Here’s what it looks like (if you haven’t already noticed it):
Twitter made a big change to the way users can directly reply to one another. Whereas before, users had to @mention the account they wanted to reply to, the mention is now built directly into the reply button. This gives users more characters with which to reply, because they don’t have to type in the username and cut into their precious 140 characters. Check it out:
This change has been met with some criticism, though — because users can’t specifically one-off reply to particular people. So if you’re included in a tweet with multiple other users, everyone will get a reply notification — even if the reply isn’t specified for them. To specify who you want to reply to, you can click the hyperlinked Twitter handles and check or uncheck the users you wish to send a notification to, like so:
So while Twitter is giving users more room to express themselves, it might also give them the ability to communicate with too many other users if they don’t choose the feature above — especially if bullies and abusers are replying-all to tweets.
If you receive private Direct Messages from users you don’t follow, users now have the option to approve or deny the request to connect — and report the message if it’s inappropriate.
— Twitter (@Twitter)
May 30, 2017
This feature is a win on a couple of levels. It helps users better screen for and identify abusive content — and choose if or when they want to engage. It also prevents the need for a tweet back-and-forth of asking someone to follow you before you reach out to them via DM. Instead, you can simply shoot them a message — and they’ll approve it if they wish.
I wrote the original version of this blog post back in 2016 with a different set of new features, and wanted to make sure you still knew about those neat new(-ish) capabilities, too.
As far as debates go, Twitter’s 140-character limit is about as contentious as the Oxford comma. Some say the character limit on tweets is essential to Twitter’s identity. It secures Twitter in place as one of the fastest available ways for ideas to spread. Others are ready to see it lifted, arguing that removing the 140-character cap would open Twitter up to a new and engaging range of content and possibly new users. One area where the pain of the character cap is particularly sharp is in adding media to your tweets.
By default, media links used to take up 23 characters in a tweet, which is about 16% of your allotted characters — no small portion. That said, images are a boon for interactivity on your tweets: HubSpot conducted a study and found that tweets with images resulted in 18% more clickthroughs and 150% more retweets.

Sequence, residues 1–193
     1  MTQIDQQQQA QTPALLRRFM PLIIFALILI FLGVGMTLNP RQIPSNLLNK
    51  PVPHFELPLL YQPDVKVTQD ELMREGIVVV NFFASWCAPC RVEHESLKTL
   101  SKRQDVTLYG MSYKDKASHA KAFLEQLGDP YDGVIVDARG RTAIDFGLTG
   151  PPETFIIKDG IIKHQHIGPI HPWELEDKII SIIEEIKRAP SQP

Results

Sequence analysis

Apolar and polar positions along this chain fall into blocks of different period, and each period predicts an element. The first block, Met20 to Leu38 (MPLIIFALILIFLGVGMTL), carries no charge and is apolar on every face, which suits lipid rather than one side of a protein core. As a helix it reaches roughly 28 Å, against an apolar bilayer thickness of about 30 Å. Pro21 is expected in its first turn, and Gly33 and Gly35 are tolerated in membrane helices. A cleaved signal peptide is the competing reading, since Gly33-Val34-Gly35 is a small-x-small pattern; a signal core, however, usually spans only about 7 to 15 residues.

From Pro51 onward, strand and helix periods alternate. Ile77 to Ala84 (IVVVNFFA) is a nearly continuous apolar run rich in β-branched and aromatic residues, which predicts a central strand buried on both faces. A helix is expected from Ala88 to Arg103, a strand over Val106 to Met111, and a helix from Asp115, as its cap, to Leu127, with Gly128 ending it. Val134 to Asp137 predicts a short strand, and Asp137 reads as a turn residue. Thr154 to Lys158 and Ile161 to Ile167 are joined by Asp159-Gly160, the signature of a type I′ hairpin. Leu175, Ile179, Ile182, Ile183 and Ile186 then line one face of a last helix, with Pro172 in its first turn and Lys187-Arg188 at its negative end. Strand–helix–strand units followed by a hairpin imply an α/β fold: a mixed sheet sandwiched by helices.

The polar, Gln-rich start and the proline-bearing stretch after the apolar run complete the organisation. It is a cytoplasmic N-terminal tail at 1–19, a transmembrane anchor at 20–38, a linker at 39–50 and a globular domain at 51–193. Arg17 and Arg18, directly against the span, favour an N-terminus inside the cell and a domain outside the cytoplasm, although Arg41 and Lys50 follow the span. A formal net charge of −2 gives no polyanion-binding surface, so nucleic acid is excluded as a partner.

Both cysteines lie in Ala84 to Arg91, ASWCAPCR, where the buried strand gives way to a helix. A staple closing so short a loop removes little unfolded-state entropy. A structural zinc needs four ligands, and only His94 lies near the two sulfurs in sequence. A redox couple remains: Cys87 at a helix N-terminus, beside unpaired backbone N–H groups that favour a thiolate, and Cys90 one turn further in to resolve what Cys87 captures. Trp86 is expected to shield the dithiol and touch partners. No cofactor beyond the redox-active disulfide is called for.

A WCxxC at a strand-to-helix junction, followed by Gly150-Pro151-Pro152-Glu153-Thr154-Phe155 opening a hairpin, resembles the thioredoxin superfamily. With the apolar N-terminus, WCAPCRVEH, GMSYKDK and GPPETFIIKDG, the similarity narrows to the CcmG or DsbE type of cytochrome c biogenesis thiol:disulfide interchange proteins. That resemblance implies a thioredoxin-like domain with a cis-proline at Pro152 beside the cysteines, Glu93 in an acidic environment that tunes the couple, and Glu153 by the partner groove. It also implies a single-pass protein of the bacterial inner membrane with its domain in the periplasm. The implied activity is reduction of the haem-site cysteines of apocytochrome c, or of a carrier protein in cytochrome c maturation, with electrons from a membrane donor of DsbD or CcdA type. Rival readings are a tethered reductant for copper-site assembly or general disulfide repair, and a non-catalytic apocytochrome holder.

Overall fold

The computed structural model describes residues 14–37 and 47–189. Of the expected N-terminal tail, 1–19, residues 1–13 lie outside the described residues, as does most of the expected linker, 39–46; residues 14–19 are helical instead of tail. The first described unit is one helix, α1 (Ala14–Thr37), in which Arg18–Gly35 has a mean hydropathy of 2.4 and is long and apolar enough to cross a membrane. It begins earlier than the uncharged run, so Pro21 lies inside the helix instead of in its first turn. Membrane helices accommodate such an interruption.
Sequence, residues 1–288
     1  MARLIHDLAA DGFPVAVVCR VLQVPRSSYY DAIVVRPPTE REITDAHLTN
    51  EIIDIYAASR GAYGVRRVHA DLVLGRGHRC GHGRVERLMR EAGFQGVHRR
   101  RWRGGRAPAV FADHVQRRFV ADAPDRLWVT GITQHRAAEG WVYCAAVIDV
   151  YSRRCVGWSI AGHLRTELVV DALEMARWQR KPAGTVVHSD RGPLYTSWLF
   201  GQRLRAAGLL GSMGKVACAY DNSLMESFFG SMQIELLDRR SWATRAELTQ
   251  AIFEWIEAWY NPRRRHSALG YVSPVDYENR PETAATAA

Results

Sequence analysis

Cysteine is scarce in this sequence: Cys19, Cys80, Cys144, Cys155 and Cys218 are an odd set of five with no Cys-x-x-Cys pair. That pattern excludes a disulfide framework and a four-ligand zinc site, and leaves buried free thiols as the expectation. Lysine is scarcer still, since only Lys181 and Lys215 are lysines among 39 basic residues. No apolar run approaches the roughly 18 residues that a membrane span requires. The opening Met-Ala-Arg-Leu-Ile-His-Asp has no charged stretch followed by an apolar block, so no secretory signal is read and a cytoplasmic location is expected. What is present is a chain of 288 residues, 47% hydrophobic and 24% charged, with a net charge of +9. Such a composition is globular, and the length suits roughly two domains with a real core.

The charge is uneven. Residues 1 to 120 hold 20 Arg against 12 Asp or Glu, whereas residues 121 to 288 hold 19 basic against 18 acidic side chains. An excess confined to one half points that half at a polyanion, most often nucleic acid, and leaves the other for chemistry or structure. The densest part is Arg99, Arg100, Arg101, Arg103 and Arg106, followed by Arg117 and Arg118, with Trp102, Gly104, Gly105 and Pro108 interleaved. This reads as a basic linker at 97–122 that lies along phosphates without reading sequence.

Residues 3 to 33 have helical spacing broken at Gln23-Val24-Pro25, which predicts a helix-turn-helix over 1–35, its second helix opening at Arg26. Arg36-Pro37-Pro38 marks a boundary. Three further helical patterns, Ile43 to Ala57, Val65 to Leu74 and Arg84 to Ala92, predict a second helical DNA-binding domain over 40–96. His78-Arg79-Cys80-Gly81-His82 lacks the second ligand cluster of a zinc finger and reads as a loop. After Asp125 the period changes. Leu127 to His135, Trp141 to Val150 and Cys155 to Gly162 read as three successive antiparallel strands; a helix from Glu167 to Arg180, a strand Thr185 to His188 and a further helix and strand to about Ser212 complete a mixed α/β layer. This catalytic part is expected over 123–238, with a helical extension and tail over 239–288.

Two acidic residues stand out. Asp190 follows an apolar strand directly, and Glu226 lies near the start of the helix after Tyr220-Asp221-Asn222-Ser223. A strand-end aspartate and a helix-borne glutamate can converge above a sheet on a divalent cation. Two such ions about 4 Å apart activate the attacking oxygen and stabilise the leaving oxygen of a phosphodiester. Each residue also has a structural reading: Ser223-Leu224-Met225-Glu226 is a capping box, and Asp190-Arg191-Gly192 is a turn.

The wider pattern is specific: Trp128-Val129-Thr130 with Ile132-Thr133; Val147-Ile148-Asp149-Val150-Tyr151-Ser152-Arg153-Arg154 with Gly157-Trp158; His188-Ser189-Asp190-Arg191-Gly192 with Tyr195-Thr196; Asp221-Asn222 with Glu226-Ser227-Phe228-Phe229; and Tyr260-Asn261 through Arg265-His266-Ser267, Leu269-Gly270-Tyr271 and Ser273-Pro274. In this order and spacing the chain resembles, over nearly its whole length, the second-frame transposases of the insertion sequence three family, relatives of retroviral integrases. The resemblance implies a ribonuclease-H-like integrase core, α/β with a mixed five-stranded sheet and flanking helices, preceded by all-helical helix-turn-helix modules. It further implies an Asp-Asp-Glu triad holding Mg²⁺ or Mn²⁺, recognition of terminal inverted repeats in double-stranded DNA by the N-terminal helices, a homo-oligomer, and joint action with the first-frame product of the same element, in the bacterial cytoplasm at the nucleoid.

Last year, Twitter announced that media (e.g., images, polls, videos) attached to tweets would soon no longer count against your 140-character count. The same rule would apply to the @handle when replying to someone else’s tweet.
This update makes a couple of changes to the way replies and retweets are handled. Users will no longer have to add a character prior to a reply — for example, “.@meghkeaney” — to ensure their reply is seen by all followers. Not to mention, users will be able to retweet their own content if they want to add a thought to a previous post.
Back in October of 2015, Twitter CEO Jack Dorsey made a public appeal to developers to submit ideas for product enhancements:
Developers on Twitter: please tweet your ideas and requests using hashtag #helloworld. We’re listening!
— Jack (@jack)
October 21, 2015
One of the ideas generated out of that invitation focused on making Twitter more accessible to users who are visually impaired. In other words, people using Twitter’s iOS and Android apps can now add alt text descriptions to images within tweets. Websites have long used alt text to help visually impaired visitors understand the messages conveyed by images, using assistive technology like a screen reader or Braille display.
The accessible images feature has to be set up at the user level, a drawback for it gaining mass adoption, but it’s easy enough to set up. In an Android or iOS device, go to your Twitter settings (the gear icon) and follow these steps:
Adding accessibility may seem like a smaller win, but it’s a best practice across the board for businesses and organizations looking to grow their audiences and do the right thing.
Even though this list isn’t weighted for significance, it took real willpower not to place this at number one. As someone whose reliance on GIFs is beyond description, this feature release was a big one for me. In 2015, people shared more than 100 million GIFs on Twitter. When you think about the steps it previously took to share an animated image on Twitter, that number is even more impressive.
Previously, you had to leave Twitter, search for the appropriate GIF on any number of GIF search engines, save that image, go back to Twitter, recompose your tweet, and finally, upload the image. Today, with Twitter’s new GIF feature, you just click a button and conduct the search there — no saving or uploading needed.
(By the way, if you like GIFs, I highly recommend this post by my colleague. It’s a fascinating history and analysis on why exactly GIFs became so popular.)
Twitter may have started as a text-based platform, but images are a source of some of its top engagement. That’s why the news that Twitter had adjusted its image size requirements to not force-crop most images came with such praise. The resulting experience means that Twitter is more visual and engaging right off the bat. See the before and after shots provided by Twitter below:
Along with the uncropped photo update, Twitter also introduced a new view for multi-photo displays. This update allows users to see even more of the individual photos included in a collage.
In all the punditry on the current and future state of Twitter, most of the narrative to this point has focused on the competition. Twitter’s response, however, has been largely focused on its users. While some of these updates may seem small, in aggregate, they signal a move to a much more intuitive user experience fed largely by user feedback. Time will tell if this focus on fan-favorite features amounts to a measurable increase in usage and revenue.
What do you think about Twitter’s latest features? What else would you like to see? Share your thoughts in the comments.
Editor’s Note: This post was originally published in May 2016 and has been updated and for freshness, accuracy, and comprehensiveness.
Source: New feed